U.S. stock futures tumbled Thursday, with selling so intense at one point that circuit breakers were triggered, after the arrest of a Huawei executive reignited trade worries that helped drag equities to their worst session since early October on Tuesday.
The market was closed Wednesday to mark a national day of mourning for former President George H.W. Bush, who died Friday at 94.
How did the benchmarks fare?
Futures for the Dow Jones Industrial Average YMZ8, -1.71% were down 448 points, or 1.8%, at 24,606, while those for the S&P 500 index ESZ8, -1.70% were off 46.70 points to 2,655.75, a loss of 1.7%, while Nasdaq-100 futures NQZ8, -2.23% tumbled 159 points, or 2.4%, at 6,642.50.
On Tuesday, the Dow DJIA, -3.10% sank 799.36 points, or 3.1%, to 25,027.07, while the S&P 500 index SPX, -3.24% dropped 90.31 points, or 3.2%, to 2,700.06. The Nasdaq Composite Index COMP, -3.80% tumbled 283.09 points, or 3.8%, to 7,158.43. All three benchmarks had their worst day since Oct. 10.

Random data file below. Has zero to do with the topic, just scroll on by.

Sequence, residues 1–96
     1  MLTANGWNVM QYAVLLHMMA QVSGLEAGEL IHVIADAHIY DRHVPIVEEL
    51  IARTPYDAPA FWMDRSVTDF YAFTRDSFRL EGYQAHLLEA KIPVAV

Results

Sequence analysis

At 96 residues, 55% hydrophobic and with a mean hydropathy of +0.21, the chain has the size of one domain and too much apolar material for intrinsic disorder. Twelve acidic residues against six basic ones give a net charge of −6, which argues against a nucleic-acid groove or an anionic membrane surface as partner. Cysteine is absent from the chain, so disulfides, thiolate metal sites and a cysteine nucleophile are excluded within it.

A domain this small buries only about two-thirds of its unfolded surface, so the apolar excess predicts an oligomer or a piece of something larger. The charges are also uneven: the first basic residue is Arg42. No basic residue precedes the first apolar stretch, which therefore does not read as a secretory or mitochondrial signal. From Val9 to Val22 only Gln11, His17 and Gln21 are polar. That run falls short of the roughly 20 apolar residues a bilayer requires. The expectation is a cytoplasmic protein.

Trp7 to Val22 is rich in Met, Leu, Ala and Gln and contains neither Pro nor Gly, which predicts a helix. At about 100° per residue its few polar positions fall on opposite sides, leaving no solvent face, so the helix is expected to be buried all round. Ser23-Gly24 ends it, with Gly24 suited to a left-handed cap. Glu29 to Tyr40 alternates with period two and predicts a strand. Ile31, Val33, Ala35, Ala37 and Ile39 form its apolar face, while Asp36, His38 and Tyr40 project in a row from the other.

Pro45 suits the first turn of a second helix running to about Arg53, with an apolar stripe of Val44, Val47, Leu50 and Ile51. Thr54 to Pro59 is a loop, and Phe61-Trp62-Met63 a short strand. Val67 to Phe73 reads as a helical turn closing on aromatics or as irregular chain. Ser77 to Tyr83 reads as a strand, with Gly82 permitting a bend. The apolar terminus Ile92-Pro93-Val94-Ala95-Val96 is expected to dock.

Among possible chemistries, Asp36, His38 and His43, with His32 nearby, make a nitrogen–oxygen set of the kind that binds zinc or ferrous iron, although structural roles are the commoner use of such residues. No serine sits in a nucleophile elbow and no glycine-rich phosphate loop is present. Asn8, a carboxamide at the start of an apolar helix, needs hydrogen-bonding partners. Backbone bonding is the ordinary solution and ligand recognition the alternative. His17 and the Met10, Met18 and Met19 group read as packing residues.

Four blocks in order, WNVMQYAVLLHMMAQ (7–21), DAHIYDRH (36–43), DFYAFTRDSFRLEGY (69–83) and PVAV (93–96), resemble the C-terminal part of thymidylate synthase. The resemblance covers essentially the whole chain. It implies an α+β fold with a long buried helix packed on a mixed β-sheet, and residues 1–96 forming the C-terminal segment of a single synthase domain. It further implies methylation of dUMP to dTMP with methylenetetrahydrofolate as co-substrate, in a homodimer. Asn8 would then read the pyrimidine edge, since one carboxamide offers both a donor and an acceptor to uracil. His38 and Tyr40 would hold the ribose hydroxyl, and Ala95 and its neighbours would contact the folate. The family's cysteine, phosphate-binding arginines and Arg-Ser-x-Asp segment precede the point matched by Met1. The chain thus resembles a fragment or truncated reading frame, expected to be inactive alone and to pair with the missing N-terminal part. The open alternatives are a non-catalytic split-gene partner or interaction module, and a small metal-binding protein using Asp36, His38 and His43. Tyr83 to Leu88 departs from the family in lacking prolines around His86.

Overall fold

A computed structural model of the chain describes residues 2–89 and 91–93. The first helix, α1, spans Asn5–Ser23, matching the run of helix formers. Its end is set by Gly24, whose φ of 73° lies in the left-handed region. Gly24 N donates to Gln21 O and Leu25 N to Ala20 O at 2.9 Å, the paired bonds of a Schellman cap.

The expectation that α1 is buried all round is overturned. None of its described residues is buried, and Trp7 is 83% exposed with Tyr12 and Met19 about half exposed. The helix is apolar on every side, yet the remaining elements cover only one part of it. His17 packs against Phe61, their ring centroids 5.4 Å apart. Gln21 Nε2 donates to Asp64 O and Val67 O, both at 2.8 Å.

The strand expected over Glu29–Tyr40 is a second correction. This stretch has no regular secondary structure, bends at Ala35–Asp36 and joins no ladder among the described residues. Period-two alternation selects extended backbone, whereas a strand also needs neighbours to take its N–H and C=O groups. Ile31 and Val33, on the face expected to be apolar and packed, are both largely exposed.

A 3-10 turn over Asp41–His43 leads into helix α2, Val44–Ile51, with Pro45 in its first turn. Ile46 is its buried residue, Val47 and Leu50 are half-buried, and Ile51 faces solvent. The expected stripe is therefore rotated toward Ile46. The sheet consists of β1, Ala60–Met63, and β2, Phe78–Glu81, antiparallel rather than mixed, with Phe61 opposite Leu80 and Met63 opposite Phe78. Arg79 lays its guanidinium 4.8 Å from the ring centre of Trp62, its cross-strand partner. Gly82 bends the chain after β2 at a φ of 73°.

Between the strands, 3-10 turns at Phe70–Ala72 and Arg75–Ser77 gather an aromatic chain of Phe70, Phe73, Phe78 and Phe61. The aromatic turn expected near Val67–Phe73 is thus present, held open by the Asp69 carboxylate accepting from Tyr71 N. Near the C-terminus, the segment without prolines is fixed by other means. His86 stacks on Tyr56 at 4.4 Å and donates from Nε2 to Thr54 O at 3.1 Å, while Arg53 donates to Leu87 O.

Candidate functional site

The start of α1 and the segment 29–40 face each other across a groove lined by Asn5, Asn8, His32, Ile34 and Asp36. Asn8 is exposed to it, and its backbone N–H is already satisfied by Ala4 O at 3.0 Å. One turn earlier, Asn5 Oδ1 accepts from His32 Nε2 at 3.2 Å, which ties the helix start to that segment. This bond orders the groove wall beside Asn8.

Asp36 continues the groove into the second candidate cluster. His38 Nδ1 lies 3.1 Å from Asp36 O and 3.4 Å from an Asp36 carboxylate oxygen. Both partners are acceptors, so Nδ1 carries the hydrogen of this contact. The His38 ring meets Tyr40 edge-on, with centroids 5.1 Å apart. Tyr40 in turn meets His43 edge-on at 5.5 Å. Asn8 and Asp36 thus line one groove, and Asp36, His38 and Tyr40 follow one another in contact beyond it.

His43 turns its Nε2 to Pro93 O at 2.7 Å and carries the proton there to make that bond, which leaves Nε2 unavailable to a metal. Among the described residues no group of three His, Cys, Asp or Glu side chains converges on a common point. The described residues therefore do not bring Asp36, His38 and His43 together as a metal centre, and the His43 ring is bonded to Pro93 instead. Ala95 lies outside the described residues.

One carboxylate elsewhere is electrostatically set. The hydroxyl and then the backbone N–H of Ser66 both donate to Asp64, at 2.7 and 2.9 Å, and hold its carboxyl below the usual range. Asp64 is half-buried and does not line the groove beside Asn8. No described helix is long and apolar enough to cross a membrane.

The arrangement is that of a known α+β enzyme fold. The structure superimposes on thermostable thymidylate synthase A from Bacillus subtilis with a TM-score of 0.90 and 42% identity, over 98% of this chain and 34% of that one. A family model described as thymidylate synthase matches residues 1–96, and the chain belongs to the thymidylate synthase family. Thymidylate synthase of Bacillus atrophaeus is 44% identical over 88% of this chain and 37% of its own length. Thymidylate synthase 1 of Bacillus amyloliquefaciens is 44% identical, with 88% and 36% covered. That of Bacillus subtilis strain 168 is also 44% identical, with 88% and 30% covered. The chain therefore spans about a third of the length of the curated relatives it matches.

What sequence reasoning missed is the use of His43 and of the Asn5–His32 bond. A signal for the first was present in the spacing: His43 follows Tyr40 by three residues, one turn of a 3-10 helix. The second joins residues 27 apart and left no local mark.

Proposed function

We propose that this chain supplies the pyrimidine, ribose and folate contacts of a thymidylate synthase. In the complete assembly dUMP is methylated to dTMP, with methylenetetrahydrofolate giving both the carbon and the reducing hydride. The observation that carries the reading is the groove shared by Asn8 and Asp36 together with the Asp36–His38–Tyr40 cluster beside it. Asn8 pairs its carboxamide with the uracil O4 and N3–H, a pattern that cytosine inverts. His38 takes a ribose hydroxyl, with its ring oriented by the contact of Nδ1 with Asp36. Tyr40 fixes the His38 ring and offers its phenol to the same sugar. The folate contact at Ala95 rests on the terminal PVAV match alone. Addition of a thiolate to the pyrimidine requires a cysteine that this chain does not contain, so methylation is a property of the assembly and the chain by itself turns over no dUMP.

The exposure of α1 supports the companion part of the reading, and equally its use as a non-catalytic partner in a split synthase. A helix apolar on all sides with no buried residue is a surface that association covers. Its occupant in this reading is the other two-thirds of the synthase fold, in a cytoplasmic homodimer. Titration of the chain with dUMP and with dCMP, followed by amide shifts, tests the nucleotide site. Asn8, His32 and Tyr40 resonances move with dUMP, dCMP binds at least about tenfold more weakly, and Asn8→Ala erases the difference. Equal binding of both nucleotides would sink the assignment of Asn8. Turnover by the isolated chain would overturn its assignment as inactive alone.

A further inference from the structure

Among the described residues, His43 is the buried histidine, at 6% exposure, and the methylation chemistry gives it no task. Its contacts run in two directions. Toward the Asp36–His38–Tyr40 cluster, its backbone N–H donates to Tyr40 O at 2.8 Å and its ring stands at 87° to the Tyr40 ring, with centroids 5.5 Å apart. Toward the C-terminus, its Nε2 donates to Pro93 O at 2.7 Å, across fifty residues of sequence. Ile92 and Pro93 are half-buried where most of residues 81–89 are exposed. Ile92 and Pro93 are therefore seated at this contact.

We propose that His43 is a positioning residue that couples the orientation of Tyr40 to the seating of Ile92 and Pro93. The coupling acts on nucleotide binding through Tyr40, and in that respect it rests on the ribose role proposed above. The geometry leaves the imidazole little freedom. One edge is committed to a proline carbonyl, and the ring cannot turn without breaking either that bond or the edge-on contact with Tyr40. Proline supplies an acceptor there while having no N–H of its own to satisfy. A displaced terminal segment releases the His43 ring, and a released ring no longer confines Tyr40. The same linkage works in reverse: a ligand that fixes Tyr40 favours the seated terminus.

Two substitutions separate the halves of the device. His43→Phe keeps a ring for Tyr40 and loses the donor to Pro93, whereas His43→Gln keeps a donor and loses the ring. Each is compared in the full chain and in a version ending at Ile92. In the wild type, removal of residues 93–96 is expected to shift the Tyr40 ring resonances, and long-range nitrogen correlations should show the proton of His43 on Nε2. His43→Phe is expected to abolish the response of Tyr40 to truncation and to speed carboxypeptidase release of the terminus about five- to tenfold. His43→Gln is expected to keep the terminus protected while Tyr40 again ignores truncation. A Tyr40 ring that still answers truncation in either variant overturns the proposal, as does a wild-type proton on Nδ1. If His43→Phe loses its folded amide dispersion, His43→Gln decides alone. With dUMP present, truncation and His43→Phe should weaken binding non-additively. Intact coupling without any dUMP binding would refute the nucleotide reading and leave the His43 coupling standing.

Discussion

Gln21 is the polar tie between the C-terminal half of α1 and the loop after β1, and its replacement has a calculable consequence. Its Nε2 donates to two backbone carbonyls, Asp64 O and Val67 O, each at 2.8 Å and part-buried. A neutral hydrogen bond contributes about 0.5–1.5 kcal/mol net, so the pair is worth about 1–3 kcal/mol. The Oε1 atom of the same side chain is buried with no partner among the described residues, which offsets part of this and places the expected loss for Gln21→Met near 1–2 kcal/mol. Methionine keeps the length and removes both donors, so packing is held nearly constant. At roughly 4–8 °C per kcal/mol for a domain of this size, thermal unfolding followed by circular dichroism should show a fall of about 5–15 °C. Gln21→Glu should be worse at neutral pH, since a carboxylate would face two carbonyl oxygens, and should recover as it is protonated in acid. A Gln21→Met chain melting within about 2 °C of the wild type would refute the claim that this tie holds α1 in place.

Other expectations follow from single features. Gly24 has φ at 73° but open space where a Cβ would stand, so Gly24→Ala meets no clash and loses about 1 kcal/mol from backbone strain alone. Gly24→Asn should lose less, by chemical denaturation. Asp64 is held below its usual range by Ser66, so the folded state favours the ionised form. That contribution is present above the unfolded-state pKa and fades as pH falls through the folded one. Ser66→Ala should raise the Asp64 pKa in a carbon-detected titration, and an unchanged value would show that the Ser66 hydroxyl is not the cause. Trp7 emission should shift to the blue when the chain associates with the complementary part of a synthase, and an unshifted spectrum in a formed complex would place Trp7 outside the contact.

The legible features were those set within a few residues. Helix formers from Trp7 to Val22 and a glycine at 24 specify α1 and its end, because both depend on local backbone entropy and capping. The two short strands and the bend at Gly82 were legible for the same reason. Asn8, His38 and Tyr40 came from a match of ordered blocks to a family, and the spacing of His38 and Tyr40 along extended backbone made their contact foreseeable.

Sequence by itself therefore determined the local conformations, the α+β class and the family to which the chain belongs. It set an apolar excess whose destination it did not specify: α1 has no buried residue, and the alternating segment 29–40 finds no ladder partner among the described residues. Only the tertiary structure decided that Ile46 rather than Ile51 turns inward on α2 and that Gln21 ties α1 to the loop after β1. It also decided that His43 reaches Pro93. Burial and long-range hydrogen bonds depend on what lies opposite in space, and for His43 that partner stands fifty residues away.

What drove the market?
While regular trading was closed Wednesday, there was a shortened session of electronic trading for stock-index futures that showed Dow futures bouncing 100 points. When futures reopened Thursday, the drop was so severe on S&P 500 futures that the Chicago Mercantile Exchange triggered circuit breakers to avoid worse losses. Those futures spiked down to 2,659, a drop of 1.9% before the CME stopped trading briefly to try to calm the market, said Chris Weston, head of research at Pepperstone.
FactSet S&P 500 futures tumble sharply at Thursday’s reopen
Already jittery investors were rattled further by news that the Canadian authorities had arrested Meng Wanzhou, the chief financial officer of Huawei Technologies, at the request of U.S. authorities for allegedly violating sanctions